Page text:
Arts and Artifacts Indemnity Program:
CFDA Number: 45.201
Funding Opportunity Number: 2013FCAHDOMO1
The National Endowment for the Arts administers the U.S. Government's Arts and Artifacts Indemnity Program on behalf of the Federal Council on the Arts and the Humanities (Federal Council). The Indemnity Program was created by Congress in 1975 for the purpose of minimizing the costs of insuring international exhibitions. In 2007, Congress expanded eligibility under the Program to include coverage of works of art owned by U.S. entities while on exhibition in the United States. Please view the list of recently indemnified exhibitions.
Nonprofit museums and other organizations planning temporary exhibitions may be eligible for coverage. Details appear below.
The indemnity agreement is backed by the full faith and credit of the United States. In the event of loss or damage to an indemnified object, the Federal Council must certify the validity of the claim and request Congress to authorize payment.
The Arts and Artifacts Indemnity Act (P.L. 94-158) as amended (P.L. 110-161, Sec. 426) authorizes the Federal Council on the Arts and the Humanities to make indemnity agreements with non-profit, tax-exempt organizations and governmental units for coverage of eligibleobjects owned by public and private collections in the United States, while on exhibition in the United States. In order for an exhibition to be eligible, the total dollar value of all U.S. loans in the exhibition must exceed $75 million.
If an exhibition is being shown at several institutions, one institution should apply on behalf of all participants. The Federal Council requires that the applicant have previously organized at least one exhibition containing loans borrowed from one or more public or private collections.
Applicants requesting coverage for international exhibitions should refer to the guidelines and application under International Indemnity.
Applicants may submit only one application, either under the domestic or the international program, for the same exhibition.
Eligible objects include works of art, other artifacts or objects, rare documents, books and other printed materials, photographs, films, and videotapes. Such objects must have educational, cultural, historical, or scientific value.
Note: For reasons of risk, the Federal Council is generally opposed to indemnifying oil on copper paintings, pastels, chalks, charcoals, lacquer objects, certain types of glass (including enamels), works on parchment or vellum, marquetry, frescoes, and other fragile objects. Oversized works (exceeding ten feet in any direction) and oil on wood panel paintings will be reviewed on a case by case basis. Oil on single wood panels larger than two feet by three feet will not be indemnified. Please see Question 11(c) in the Indemnity Narrative instructions for more information.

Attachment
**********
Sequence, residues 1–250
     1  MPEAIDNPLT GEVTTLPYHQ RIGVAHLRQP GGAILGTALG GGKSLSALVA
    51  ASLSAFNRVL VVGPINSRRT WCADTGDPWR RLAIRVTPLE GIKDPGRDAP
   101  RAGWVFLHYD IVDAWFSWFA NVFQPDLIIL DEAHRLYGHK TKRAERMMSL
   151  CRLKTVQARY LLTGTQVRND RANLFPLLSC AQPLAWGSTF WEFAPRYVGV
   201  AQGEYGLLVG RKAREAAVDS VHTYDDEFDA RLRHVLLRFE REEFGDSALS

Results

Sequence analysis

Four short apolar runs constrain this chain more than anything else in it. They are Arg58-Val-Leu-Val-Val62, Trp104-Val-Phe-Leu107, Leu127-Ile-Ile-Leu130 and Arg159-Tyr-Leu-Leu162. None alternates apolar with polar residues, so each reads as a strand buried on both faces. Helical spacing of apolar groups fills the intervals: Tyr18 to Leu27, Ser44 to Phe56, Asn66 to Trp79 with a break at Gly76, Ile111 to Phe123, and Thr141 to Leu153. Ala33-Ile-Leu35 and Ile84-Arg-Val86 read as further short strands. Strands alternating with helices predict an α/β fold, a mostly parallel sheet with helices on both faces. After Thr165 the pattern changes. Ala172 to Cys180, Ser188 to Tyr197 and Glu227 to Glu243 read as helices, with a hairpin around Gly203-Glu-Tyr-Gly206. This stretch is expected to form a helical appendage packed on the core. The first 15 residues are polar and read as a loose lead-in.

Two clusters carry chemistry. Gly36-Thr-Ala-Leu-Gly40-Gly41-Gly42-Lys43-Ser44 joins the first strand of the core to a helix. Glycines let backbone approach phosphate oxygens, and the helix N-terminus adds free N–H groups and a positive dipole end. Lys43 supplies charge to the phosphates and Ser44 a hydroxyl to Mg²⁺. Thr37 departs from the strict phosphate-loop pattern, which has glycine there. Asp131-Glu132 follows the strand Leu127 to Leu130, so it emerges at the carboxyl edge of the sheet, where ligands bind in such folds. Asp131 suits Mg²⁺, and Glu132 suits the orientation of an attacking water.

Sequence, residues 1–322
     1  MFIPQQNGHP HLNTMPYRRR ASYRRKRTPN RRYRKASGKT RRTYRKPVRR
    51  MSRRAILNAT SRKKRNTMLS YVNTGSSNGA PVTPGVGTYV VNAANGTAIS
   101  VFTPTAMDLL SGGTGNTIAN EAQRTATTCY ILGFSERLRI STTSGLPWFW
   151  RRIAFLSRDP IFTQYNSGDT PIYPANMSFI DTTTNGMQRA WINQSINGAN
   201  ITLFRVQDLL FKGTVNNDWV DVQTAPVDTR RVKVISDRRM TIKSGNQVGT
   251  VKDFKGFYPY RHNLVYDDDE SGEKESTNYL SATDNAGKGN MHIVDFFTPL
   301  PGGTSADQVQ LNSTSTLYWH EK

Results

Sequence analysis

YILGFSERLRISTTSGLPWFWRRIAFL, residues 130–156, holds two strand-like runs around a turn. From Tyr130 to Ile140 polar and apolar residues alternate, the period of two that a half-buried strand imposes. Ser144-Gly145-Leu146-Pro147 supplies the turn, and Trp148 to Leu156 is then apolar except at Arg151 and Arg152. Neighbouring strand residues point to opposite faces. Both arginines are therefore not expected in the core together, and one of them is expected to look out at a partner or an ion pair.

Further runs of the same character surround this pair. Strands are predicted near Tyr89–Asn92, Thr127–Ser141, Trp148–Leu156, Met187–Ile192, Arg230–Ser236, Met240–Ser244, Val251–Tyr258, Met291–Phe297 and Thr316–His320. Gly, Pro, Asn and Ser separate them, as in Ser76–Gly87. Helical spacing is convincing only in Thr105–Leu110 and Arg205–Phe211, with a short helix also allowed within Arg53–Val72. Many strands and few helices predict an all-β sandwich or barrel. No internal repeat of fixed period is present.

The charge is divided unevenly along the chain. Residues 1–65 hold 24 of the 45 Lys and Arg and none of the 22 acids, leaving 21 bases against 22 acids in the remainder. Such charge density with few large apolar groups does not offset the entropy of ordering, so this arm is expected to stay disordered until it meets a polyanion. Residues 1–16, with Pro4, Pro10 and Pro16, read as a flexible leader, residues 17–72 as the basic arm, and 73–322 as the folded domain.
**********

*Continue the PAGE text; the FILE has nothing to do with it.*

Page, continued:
The Arts and Artifacts Indemnity Act allows coverage for a single exhibition up to $750 million. The total dollar amount of indemnity agreements which can be in effect at any one time is $5 billion.
Coverage under the Indemnity Act extends only to loss or damage in excess of the deductible amounts that follow:
$50,000 deductible for exhibitions from $75 million up to $125 million in indemnified value;
$100,000 deductible for exhibitions from $125 million up to $200 million in indemnified value;
$200,000 deductible for exhibitions from $200 million up to $300 million in indemnified value;
$300,000 deductible for exhibitions from $300 million up to $400 million in indemnified value;
$400,000 deductible for exhibitions from $400 million up to $500 million in value;
$500,000 deductible for exhibitions above $500 million in value.
Organizations interested in seeking indemnity must submit an application for review by the Indemnity Advisory Panel and the Federal Council on the Arts and the Humanities. Announcements of Certificates of Indemnity will be made after the Federal Council has met. If an application or object has been rejected, the applicant may submit a request to the Indemnity Administrator to provide a written response stating the reasons for rejection (please see Contact below).
Please see the full application instructions >> [PDF].
Application Submission Deadline Dates
The next application deadlines are July 1, 2013, for Certificates that may be issued as early as October 1, 2013, and January 6, 2014 for Certificates that may be issued as early as April 1, 2014. (The Advisory Panel and Federal Council meetings occur approximately one month and two months, respectively, following the deadlines.) An application should not be submitted more than one year and three months in advance of the indemnity period.
To assist the Panel and Council with long range planning of indemnity allocations, future applicants are encouraged, but not required, to submit preliminary statements about exhibitions as much as four years in advance of the indemnity period. Updated material may be submitted subsequently, as appropriate. Send all material directly to the Indemnity Administrator (see Contact below).
In all published material and announcements concerning this exhibition, the following acknowledgement must appear: "This exhibition is supported by an indemnity from the Federal Council on the Arts and the Humanities."
Arts and Artifacts Indemnity Act, Federal Rules and Regulations, and Certificate of Indemnity
Arts and Artifacts Indemnity Act >>
Rules and Regulations, October 1991 >>
Technical Amendments for Domestic Indemnity, April 2008 >>
Certificate of Indemnity >>
For questions about the Indemnity Program, please contact:
National Endowment for the Arts
1100 Pennsylvania Avenue, N.W.
Washington, D.C. 20506
Assistant Indemnity Administrator
National Endowment for the Arts
1100 Pennsylvania Ave, NW, Suite 729
Washington, DC 20506
National Endowment for the Arts · an independent federal
1100 Pennsylvania Avenue NW
Washington, DC 20506